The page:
Level 5 Contributor
46 reviews
common_n_attraction_reviews_1bd8 24 helpful votes
“Find Out What Prison Used To Be Like In The Wild West”
Reviewed August 21, 2014

We recently visited the Wyoming Frontier Prison and were not expecting anything really exciting. However, we took the hour long tour and enjoyed every minute. It was an excellent learning experience and you could feel yourself being transported back to frontier times when this prison held many of the "outlaws" from this time period.

While on the tour, you will witness the conditions that prisoners were held in and learn what it was like to be a prisoner in times when things were quite different. You'll tour the initial detention area, cellblocks, galley and other grisly things like the actual gallows and gas chambers. You'll learn several "interesting" facts some of which are actually humorous.

The tour guide was excellent and while he kept the tour moving, was always open to questions.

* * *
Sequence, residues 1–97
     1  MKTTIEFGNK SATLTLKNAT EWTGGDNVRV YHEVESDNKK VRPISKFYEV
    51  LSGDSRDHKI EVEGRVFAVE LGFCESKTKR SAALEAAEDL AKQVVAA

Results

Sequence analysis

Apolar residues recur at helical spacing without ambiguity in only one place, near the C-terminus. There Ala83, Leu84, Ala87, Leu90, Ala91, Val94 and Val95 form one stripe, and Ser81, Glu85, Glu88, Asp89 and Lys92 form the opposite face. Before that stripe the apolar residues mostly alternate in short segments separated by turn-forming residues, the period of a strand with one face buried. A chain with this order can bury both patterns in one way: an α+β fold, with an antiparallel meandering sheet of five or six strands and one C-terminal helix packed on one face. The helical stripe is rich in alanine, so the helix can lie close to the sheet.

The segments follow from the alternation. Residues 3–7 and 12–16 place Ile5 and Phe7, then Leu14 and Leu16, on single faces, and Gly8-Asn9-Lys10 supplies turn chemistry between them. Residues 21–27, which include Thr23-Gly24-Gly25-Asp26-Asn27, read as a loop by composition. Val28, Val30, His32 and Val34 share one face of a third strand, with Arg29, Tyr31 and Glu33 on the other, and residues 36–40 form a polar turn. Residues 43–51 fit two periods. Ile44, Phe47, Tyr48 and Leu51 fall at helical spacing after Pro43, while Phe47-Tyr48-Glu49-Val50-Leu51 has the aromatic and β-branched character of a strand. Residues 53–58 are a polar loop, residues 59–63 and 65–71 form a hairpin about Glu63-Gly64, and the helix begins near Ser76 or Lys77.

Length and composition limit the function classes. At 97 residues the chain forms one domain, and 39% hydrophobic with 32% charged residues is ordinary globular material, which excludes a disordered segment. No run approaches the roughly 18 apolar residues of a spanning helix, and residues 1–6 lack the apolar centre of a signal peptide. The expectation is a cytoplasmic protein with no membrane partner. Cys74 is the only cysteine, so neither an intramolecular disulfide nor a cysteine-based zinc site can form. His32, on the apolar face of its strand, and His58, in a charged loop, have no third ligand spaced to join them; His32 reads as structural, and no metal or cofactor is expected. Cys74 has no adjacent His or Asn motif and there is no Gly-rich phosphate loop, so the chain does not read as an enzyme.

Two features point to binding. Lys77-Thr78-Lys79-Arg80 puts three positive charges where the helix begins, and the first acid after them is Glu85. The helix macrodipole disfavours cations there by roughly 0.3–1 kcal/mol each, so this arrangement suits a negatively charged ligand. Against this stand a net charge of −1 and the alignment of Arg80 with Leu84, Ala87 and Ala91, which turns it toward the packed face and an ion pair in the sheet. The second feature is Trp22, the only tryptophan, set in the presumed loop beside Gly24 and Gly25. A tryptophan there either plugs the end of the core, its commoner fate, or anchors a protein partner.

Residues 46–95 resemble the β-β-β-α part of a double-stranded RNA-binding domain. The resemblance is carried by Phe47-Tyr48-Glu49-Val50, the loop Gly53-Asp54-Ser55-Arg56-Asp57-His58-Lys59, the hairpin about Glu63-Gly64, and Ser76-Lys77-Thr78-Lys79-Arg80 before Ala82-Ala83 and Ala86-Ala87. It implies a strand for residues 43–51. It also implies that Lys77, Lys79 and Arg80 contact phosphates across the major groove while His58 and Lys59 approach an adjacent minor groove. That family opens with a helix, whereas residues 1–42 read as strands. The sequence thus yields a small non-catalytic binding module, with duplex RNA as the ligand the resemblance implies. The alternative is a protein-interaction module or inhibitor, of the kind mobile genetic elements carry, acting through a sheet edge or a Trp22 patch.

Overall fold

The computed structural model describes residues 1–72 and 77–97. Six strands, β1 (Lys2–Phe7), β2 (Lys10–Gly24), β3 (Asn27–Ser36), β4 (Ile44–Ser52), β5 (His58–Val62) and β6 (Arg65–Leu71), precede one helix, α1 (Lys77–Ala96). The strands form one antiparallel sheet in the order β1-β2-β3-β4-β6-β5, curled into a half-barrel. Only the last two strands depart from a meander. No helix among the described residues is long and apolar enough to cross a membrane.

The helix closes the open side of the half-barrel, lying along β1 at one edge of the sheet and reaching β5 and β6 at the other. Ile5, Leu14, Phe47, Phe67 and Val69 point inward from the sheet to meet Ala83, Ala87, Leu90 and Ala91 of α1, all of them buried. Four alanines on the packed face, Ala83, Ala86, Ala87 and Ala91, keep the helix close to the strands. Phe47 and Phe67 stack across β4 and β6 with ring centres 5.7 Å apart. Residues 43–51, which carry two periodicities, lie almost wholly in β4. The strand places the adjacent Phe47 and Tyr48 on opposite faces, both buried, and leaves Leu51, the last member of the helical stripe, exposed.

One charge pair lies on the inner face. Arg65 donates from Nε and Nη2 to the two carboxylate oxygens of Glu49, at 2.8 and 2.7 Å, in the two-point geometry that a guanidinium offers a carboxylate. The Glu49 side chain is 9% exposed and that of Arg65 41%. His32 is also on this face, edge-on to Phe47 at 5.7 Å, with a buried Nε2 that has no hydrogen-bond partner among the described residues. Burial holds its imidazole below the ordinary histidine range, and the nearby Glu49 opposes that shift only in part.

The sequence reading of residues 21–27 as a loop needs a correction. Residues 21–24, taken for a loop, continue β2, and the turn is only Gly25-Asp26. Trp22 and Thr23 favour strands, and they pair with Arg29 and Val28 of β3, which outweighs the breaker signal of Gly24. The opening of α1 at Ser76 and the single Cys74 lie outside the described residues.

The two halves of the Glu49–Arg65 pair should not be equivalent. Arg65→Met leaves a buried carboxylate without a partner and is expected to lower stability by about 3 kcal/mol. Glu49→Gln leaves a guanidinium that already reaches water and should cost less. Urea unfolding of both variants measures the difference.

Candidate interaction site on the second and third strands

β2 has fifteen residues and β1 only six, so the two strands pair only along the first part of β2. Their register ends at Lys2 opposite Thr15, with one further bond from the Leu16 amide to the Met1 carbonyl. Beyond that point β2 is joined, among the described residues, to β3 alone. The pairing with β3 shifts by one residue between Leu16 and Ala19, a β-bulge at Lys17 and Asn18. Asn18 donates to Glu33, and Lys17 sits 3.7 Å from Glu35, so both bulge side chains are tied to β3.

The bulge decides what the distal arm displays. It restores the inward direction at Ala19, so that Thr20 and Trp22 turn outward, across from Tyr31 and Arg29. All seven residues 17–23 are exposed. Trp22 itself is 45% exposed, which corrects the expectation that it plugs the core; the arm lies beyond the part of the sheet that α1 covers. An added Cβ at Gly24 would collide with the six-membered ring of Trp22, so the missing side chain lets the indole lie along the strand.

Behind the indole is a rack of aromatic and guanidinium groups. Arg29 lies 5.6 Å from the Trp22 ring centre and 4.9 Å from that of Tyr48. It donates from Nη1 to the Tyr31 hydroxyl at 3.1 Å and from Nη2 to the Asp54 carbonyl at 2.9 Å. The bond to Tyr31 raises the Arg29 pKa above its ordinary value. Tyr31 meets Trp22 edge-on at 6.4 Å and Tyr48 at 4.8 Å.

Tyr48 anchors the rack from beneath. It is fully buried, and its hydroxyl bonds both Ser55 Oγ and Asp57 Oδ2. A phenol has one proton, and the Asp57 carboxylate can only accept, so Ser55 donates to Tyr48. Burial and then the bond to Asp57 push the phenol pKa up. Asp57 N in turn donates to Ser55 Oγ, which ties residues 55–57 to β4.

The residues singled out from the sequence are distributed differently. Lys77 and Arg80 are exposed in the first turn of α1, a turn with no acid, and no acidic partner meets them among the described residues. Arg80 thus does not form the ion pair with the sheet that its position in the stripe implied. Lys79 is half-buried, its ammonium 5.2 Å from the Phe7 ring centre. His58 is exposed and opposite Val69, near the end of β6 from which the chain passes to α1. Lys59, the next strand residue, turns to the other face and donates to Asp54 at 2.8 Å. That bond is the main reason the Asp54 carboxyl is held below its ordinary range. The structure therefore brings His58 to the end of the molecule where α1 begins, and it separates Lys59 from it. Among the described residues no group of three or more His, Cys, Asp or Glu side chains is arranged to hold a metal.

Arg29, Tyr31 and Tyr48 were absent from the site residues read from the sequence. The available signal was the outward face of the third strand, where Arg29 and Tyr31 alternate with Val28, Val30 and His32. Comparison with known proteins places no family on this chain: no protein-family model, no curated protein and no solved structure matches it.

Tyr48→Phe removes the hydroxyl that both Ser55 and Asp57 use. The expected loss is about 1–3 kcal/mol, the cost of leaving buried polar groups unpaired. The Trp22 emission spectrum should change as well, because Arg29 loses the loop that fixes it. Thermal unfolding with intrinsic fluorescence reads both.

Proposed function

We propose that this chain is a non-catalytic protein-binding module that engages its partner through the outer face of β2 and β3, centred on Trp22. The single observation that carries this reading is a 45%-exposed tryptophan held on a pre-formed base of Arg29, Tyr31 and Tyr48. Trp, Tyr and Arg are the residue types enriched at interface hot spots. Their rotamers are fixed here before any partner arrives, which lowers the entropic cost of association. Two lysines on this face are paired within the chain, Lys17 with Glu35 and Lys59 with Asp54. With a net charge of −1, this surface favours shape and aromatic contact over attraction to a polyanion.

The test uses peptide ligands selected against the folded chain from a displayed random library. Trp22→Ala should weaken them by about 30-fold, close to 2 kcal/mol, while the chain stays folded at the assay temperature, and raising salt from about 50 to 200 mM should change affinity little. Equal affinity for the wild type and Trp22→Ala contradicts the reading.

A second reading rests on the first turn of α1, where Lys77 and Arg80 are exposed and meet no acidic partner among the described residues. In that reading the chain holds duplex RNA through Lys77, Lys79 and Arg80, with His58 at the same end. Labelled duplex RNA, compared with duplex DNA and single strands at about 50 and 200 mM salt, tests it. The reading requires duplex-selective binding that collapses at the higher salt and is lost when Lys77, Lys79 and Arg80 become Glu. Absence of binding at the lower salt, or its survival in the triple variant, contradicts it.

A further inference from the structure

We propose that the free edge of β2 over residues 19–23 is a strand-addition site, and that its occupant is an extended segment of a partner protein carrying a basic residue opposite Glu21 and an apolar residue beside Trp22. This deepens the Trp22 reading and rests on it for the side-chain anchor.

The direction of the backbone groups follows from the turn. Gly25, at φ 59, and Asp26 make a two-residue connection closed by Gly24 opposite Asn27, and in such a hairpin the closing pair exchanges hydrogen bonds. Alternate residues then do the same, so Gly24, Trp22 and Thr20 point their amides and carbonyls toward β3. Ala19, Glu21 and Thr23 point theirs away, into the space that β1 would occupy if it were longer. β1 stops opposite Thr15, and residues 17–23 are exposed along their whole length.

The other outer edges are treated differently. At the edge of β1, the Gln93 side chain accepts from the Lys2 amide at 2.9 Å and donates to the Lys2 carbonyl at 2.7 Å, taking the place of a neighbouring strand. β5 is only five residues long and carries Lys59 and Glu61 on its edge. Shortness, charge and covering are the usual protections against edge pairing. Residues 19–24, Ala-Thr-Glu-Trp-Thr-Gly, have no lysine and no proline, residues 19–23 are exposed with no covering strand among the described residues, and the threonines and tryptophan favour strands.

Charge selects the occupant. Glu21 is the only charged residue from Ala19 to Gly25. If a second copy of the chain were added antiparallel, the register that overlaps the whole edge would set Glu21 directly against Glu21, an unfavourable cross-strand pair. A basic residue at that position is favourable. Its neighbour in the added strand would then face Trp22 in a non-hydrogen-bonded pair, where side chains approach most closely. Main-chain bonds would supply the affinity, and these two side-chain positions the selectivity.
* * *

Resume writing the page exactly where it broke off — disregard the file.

As an added bonus, the Wyoming Police Museum is also in the prison and you can see what it's like to be a police officer in Wyoming over the years.

It's weird to say this, but the prison is a must see if you are in the area.

Visited July 2014
2 Thank kimikenh
This review is the subjective opinion of a TripAdvisor member and not of TripAdvisor LLC.
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202 reviews from our community

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English first
Level 6 Contributor
121 reviews
24 attraction reviews
common_n_attraction_reviews_1bd8 44 helpful votes
“Till 1981???”
Reviewed August 20, 2014 via mobile

Sarah was the best guide a group could have hands down. This penitentiary is out of bounds creepy and the history immense. Can't wait to read the diary of the inmate we purchased in the gift shop. If you are in any way interested in history or the old west, you should take this tour. It'll take a long time to get that funk out of your brain afterwards. Guaranteed.

Thank Cheryl5353
This review is the subjective opinion of a TripAdvisor member and not of TripAdvisor LLC.
Provo, Utah
Level 5 Contributor
57 reviews
8 attraction reviews
common_n_attraction_reviews_1bd8 13 helpful votes